As Dortmund drop another important three points in the race for the Champions League spots, Thomas Tuchel will have to answer some serious questions about his matchday selection. Choosing Emre Mor to play behind Marco Reus and Pierre-Emerick Aubameyang, in particular, was an odd choice.
The young Turkish international certainly has the talent to take on defenders in one-on-one situations, but he still lacks the proper decision making capability. Furthermore, placing Emre Mor in the centre of the park meant that Darmstadt were able to crowed out Dortmund’s attacking moves.
It is, of course, unfair to single out the young attacker for all of Dortmund’s failings. After all, Darmstadt’s second goal came after Emre Mor was substituted. Furthermore, there was plenty of talent in the form of Reus and Aubameyang on the pitch, who should have made the difference.
Emre Mor does, however, symbolize the current state of Dortmund’s project. There is no doubt that with his quality he will become a top star in the near future. But it will take time, and there will be plenty of setbacks along the way.
Emre Mor is part of a bigger project
Dortmund’s decision makers chose the path of going with youth rather than experience after they lost the Henrikh Mkhitaryan, Mats Hummels, and Ilkay Gündogan in the summer. Thomas Tuchel was then put in charge of developing this project and, as was pointed out by Chris Williams in a recent article, will need time to develop the young players.
Patience, therefore, is key, but at the same time, Dortmund need to reach the Champions League in order to keep the squad together. There is a fine balance between development and success.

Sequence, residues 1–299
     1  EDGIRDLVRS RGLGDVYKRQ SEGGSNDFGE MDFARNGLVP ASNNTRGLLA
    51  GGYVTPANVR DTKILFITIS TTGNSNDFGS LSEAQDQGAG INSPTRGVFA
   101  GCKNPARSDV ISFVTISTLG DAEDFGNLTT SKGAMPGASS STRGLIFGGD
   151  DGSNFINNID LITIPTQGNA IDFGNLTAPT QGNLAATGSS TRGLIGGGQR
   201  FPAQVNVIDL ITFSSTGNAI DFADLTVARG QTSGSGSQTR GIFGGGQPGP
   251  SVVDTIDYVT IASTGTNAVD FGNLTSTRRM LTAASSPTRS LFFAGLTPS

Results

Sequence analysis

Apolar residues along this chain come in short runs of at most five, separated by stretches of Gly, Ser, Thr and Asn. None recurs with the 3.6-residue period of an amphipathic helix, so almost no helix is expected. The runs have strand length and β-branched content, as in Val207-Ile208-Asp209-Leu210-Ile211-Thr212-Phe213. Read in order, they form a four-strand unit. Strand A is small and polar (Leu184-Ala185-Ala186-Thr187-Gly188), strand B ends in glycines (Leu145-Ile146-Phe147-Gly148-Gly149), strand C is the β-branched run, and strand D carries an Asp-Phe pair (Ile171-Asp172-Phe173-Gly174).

Hence, while Emre Mor has to learn to be tactically more aware against the likes of Darmstadt, Thomas Tuchel needs to ask himself whether he experimented too much against the Bundesliga’s bottom side. Perhaps Tuchel wanted to save some legs for Dortmund’s important midweek Champions League clash against Benfica Lisbon.
But for Emre Mor and company to develop properly, Dortmund will need to win games. Furthermore, the players need to be played in positions that suit them. Balance, therefore, has to be the key consideration when moving forward, because only then will Emre Mor have a chance to become a superstar in the future.
Emre Mor, in the meantime, needs to work on his decision making process. Sometimes a pass is better then a needlessly taking on several defenders. In that regard, Emre Mor is somewhat representative of Dortmund’s problems, as the squad shifts between moments of ingenuity and madness.
Manuel Veth is a freelance journalist, and podcaster for WorldFootballIndex.com. He is also a holder of a Doctorate of Philosophy in History from King’s College London, and his thesis is titled: “Selling the People’s Game: Football’s transition from Communism to Capitalism in the Soviet Union and its Successor States”, which will be available in print soon. Originally from Munich, Manuel has lived in Amsterdam, Kyiv, Moscow, Tbilisi, London, and currently is located in Victoria BC, Canada. Follow Manuel on Twitter @homosovieticus.